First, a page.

Two Poems by Raji Bathish

                                        translated by Suneela Mubayi
Maybe, were I to die
You will cry alone, a little
between a ski holiday
and a wine party
so that your tears fall
on your pristine, sterilized dining table
and you do not find dust to dance with
You cry a lot
and remember me a little
in permitted doses that are not harmful
you remember how many hairs there were on the fragility of my chest
and how fast your sweat
and other fluids
dripped down to my bellybutton
and how many ants were strutting around to commemorate you
Maybe, were I to die
you will recall the past of your scared, trembling white hand
that has become wooden and coarse
as it needlessly presses down on my belly for no reason
as if my belly, with all its softness
carried all the tenderness and sweetness of this universe
to steal it
if i were to die
I open my eyes at dawn
with extreme quiet
at four o’clock in the morning…for instance
when your neighbor awakes
and I smell the aroma of coffee
before she goes to visit those languishing
in the graves of time
or what remains of it
to scatter, before that, their shadows over the window
in front of me…
in front of us…
While facing me reposes the thought of you prostrate
Your blue eyes open with difficulty
You are worn out by conditional clauses, hamzas and tanwin markers*
Your eyes give off a thin smile…of lethal beauty
Here is the voice of the adhaan
adorning the slap of sleeplessness
I launch my hand, on which the dust of sleep has not yet accumulated
to draw from your tenderness…before morning
And here are my lips
and the lips of the idea of you
The halos of the endings of dreams have not yet formed around them
With my lips I come near you
Towards that hot cheek
that has not cooled
I kiss your lower lip…with my tongue, then the upper one
The first sparrow in Creation after the Obliteration
Your neighbor or aunt returns from visiting her dead
It is unimportant
She scatters seeds at my edge
I explore the eyelids of the thought of you anew
The sounds of the day emanate from the garbage truck
I touch the tiny hairs surrounding the bellybutton of absurdity
The sweat of debasement has dissipated after some hours
My body has no memory of when it embraced the thought
at night
I give off hurtful breaths while I contemplate the ceiling ornamented with absence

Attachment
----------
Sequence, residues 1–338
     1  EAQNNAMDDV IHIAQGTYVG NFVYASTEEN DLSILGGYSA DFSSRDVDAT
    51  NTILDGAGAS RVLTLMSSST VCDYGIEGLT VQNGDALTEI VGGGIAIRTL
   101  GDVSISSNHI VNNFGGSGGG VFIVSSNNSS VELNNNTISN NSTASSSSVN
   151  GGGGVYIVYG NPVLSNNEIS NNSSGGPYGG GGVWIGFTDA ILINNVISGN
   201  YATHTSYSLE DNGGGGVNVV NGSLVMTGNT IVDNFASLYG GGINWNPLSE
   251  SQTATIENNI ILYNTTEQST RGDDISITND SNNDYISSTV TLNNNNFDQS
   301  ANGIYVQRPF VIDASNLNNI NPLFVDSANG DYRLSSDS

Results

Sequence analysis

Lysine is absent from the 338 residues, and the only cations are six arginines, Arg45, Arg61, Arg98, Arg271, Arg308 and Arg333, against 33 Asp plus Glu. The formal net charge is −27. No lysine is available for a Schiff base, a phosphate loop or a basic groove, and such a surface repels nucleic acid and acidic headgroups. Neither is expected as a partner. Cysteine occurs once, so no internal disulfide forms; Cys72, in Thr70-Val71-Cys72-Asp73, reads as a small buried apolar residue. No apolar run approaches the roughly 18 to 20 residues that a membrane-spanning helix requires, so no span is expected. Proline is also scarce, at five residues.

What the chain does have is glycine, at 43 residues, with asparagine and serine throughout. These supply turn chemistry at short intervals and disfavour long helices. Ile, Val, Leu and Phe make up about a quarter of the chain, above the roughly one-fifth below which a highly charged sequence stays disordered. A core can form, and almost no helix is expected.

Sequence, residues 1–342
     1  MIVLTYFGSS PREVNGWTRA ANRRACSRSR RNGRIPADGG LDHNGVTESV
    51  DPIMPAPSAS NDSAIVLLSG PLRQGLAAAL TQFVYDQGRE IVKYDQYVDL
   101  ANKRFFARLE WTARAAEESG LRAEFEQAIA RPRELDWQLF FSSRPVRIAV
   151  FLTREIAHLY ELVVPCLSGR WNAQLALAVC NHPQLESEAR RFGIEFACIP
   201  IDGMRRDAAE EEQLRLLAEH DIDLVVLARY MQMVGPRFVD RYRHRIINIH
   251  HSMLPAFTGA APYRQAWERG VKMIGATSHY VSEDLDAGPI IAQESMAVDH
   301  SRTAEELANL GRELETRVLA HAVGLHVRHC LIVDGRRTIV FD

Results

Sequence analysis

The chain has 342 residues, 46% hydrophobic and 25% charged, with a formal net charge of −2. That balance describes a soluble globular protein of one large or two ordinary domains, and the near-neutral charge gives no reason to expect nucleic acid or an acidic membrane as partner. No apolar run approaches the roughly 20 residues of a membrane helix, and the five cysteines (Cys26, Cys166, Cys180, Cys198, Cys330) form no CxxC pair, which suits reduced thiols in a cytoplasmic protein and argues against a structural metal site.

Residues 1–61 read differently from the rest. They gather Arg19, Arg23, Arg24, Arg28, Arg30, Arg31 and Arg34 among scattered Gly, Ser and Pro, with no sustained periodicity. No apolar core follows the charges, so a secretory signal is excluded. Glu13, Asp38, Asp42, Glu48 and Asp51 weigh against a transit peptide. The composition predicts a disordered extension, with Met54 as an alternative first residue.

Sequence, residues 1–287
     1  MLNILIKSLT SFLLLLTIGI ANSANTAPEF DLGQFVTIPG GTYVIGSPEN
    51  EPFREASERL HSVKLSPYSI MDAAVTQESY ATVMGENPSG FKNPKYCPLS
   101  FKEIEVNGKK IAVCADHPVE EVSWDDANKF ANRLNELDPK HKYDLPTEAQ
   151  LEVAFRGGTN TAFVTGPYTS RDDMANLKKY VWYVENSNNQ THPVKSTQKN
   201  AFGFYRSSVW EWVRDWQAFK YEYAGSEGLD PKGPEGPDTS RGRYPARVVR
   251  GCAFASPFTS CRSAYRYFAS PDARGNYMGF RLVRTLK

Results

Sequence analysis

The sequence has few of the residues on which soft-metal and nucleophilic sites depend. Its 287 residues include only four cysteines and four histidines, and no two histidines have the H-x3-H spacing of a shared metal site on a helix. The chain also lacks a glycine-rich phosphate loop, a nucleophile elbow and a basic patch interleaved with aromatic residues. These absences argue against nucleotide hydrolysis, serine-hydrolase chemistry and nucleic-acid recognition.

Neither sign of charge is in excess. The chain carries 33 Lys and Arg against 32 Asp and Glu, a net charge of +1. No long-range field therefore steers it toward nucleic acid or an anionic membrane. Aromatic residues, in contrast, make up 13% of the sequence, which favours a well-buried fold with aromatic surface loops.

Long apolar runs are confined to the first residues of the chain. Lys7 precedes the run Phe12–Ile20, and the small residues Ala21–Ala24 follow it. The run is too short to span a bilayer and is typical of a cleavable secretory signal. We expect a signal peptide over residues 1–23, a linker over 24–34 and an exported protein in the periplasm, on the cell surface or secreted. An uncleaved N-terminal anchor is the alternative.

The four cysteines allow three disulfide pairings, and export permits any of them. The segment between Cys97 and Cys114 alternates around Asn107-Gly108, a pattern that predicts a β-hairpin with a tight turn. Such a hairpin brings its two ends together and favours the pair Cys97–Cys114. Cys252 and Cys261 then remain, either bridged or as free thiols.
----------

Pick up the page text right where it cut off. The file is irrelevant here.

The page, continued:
I adore the smell of this blanket.
I turn towards your grandmother’s closet crammed with the questions of the dead and their fragrances
I come across the blueness of your eyes, smiling with a futile geniality to no avail
where they will be worn out by conditional clauses, hamzas and tawnin markers*

We sleep together
A long while
A cold sweat slithers towards my pubic hair
A sweat that suits that time
Then, the voice of the peddler of gold teeth
* the hamza is the glottal stop and the tanwin a case ending marker for declension in arabic grammar
imageRaji Bathish (1970) was born in Nazareth where he currently resides. He has published eight books, which include poetry, short stories and hybrid “open” texts, including A Room in Tel Aviv (Beirut, 2008), Land-Confusion-Sea (Amman, 2011) and most recently This is How Rosa Played (Haifa, 2013) and as well as numerous articles on sexuality, cinema and literature in several Arabic newspapers and portals, including al-Akhbar, al-Quds al-Arabi and Jadaliyya. He was one of the editors for the Queeriyat section on the Palestinian cultural portal Qadita, one of the first Arabic cultural portals to dedicate exclusively to queer writing and is currently one of the co-editors ofAnboob, a portal dedicated to publishing experimental writing that breaks down barriers between literary genres and to challenging the moral authority on culture imposed by the Arab regimes. He currently teaches Palestinian cinema in the Israeli National Open University.
imageSuneela Mubayi is a graduate student in modern Arabic Literature at NYU. She has translated poems, short stories and essays between Arabic, English and Urdu, which have been published inBanipal, Beirut39, Jadaliyya and elsewhere. Her dream is to go from Turkey till the border of China without having to use English, and to be able one day to call herself a poet.

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